Ben McMillan died recently. I am really saddened by this news. My sincere condolences to Ben's fiance, family, and friends—and fans.
My friend and fellow fan Pleaseeasaur wrote me yesterday to point me to a Seattle PI blog with some songs and videos from the two bands Ben sang for: Skin Yard and Gruntruck, both of which I adored when I was growing up.
I still love both of these bands. For me, Skin Yard's music has aged better, maybe. Or perhaps it's simply that Skin Yard was one of the first bands, along with another SY band, Sonic Youth, to obsess me completely—and not only because of the coincidence of shared initials. Of course I have all of the albums and most of the singles recorded by Skin Yard and Gruntruck, and then some. My favorite Skin Yard incarnation is the lineup of Ben, ingenius Jack Endino, drummer Scott McCullum a.k.a. Norman Scott (who also drummed for Gruntruck), and bassist D. House (weirdly, a dozen years ago, I was involved in interviewing Daniel for a job to which he applied). Skin Yard's '88 album Hallowed Ground, which I'm listening to right now, feels classic. Every time I listen to Skin Yard, Hallowed Ground in particular, I get choked up on a wave of memories and flashbacks from my youth in the Pacific Northwest. It's raining, I'm driving through a seemingly endless tunnel of evergreens.
I tried to go to every all-ages show Skin Yard played in Seattle during my last two years of high school. Once I stayed for an especially long encore and missed the last Winslow-bound ferry. I slept on a wooden bench at the Colman dock. I was sweaty, it was cold, but I didn't care. Seems there was always a large pit when Skin Yard played, but I felt that it was a safe space, that someone would pick you up if you fell, people were smiling, laughing. I credit Ben's community-minded, almost fatherly, regard for his fans as the reason for these slam dancing utopias. I can't number the nights that my friend Josh and I drove around Kitsap County in his old Audi, listening to Skin Yard and smoking nasty Benson & Hedges menthols.—Or, driving along in an altered state, having to pull over during the song "G.O.D." because I was experiencing something like an epiphany. The song remains one of my favorites: the way Ben's saying "talk" over and over organically fuses into the rhythm of the song's opening moments to become a "tock," a haunting, extra bit of percussion, of time.—Or, driving with Josh to Olympia to see Nirvana, singing along to "Drunk on Kerosene" at the top of my lungs. Ben's long scream in the song "Hallowed Ground" is one of the most spine-tingling rock vox in my music collection. I had the Skin Yard t-shirt with the nasty Giger image on the front and "too much acid / too many people / too little to do" on the back. My mother refused to touch the shirt, so its purchase marked the moment when I began doing my own laundry. I wore the shirt so frequently that, when it was retired to a cedar chest with other scrapbook-like objects, only the printing was holding it together, the cloth having disintegrated.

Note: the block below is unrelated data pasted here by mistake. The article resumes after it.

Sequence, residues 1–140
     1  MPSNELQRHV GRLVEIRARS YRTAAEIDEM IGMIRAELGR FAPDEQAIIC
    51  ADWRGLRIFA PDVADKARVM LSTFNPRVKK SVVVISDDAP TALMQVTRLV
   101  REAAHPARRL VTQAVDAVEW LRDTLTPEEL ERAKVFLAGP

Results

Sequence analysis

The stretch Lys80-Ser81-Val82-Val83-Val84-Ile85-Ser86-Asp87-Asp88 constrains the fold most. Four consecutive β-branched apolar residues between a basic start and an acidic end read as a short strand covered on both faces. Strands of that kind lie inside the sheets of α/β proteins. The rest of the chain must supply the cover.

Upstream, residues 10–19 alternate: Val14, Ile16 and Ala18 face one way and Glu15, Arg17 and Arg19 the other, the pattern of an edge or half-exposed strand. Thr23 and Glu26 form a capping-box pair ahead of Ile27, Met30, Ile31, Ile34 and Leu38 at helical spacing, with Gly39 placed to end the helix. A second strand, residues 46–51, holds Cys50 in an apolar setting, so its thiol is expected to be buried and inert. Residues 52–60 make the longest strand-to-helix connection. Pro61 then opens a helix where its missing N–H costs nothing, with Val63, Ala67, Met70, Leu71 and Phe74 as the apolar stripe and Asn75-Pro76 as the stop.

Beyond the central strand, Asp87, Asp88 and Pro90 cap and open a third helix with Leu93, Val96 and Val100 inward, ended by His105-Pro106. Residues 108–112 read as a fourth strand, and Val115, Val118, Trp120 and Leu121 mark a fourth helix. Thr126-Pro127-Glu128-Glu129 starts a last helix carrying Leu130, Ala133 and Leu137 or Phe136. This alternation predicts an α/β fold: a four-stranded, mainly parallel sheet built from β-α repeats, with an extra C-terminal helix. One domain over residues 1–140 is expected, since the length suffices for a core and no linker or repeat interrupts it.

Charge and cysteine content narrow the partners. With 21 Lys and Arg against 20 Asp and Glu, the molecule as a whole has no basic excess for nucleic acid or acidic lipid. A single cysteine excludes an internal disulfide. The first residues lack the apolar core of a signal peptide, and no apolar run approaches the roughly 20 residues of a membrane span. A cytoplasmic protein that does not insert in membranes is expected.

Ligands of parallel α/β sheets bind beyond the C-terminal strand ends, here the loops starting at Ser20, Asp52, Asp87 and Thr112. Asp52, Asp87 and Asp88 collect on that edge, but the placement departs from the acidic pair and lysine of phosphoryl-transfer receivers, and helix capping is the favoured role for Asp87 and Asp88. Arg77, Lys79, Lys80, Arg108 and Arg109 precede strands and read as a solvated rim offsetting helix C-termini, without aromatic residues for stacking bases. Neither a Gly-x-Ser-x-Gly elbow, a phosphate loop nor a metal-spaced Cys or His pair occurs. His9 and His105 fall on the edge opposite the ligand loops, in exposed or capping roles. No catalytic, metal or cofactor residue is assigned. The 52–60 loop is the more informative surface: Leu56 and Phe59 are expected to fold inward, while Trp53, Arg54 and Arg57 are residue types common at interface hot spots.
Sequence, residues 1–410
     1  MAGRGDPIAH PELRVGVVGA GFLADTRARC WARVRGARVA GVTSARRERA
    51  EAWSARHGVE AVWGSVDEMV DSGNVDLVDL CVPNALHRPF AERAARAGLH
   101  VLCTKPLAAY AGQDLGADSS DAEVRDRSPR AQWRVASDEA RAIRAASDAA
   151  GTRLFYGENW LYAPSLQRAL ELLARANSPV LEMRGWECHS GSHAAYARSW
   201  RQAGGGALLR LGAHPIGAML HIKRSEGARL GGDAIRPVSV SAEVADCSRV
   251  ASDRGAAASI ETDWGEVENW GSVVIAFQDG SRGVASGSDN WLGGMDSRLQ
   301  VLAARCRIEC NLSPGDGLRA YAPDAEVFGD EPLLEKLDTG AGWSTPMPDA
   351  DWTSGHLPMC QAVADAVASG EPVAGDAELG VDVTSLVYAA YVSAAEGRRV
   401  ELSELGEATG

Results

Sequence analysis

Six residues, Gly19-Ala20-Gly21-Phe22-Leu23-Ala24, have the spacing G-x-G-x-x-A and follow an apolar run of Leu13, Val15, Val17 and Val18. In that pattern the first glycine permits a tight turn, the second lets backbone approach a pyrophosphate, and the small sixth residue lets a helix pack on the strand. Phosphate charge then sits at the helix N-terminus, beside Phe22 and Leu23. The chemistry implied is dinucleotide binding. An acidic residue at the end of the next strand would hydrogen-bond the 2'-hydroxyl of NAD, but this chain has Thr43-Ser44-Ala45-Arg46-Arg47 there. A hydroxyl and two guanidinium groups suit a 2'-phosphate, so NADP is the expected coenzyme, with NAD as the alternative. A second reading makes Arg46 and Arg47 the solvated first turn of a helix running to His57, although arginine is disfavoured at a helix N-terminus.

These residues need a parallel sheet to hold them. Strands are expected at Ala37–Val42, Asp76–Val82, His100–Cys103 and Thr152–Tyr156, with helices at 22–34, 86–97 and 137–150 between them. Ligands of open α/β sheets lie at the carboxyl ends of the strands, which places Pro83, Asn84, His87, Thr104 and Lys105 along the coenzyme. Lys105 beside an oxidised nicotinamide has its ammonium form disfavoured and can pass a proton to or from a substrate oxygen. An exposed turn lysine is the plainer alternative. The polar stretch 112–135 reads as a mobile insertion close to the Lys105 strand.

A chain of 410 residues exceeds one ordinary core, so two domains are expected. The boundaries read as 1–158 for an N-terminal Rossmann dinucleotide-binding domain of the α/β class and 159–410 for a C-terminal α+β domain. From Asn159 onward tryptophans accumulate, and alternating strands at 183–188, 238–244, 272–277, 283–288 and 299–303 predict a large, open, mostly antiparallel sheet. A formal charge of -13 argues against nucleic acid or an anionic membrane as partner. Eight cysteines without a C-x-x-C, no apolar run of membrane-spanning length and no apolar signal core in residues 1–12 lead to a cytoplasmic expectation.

I think Ben was from Poulsbo, the tiny town where I grew up, but, at least, he hailed from the same side of the sound? maybe Suquamish? I think I wanted to be Ben McMillan. After my first Skin Yard show, I started wearing jeans and black leather belts and shoes like Ben. I grew my hair, had earrings. I formed a band with friends, The Dorx. Whether unconsciously or not, I tried to imitate Ben's vocals. Lots of effects, tight versification, some religious themes. I listened to Gruntruck's album Push on a daily basis during my sophomore year in college. It was the soundtrack for my bout with a certain addiction and of my coming to my senses several months later and recommitting myself to my studies.
One of my birthdays coincided with a Gruntruck show at the OK Hotel (I can't quite triangulate the date, must have been my 18th, spring of '92). The logic of the coincidence was compelling: I took the ferry to Seattle for the occasion. Gruntruck played with savage precision that night. "Move in Silence" was perfectly executed and listening to it now, years later, gives me a shiver. Ben high-fived me when I was being squeezed against the stage by the moshing crowd behind me. He was drenched in perspiration, his long hair matted to his forehead. I was ecstatic. The evening is captured in the black and white photo inside the Push jacket: the top of my head can be seen just below Ben on stage; I am facing the crowd, as though part of the performance, which I was, for, despite the aural brutality of his music, there is beauty: Ben had a way of linking himself to the audience to create a momentary antidote to alienation. He will be missed.